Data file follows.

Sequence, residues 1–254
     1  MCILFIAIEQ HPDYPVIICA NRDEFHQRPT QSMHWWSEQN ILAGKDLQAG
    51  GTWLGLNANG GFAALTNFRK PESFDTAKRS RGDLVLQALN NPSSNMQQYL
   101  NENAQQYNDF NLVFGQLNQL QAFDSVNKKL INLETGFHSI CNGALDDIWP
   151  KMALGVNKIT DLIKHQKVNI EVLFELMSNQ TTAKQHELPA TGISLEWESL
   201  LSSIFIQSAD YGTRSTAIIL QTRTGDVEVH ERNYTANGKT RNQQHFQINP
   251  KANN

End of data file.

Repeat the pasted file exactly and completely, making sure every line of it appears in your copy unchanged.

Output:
Sequence, residues 1–254
     1  MCILFIAIEQ HPDYPVIICA NRDEFHQRPT QSMHWWSEQN ILAGKDLQAG
    51  GTWLGLNANG GFAALTNFRK PESFDTAKRS RGDLVLQALN NPSSNMQQYL
   101  NENAQQYNDF NLVFGQLNQL QAFDSVNKKL INLETGFHSI CNGALDDIWP
   151  KMALGVNKIT DLIKHQKVNI EVLFELMSNQ TTAKQHELPA TGISLEWESL
   201  LSSIFIQSAD YGTRSTAIIL QTRTGDVEVH ERNYTANGKT RNQQHFQINP
   251  KANN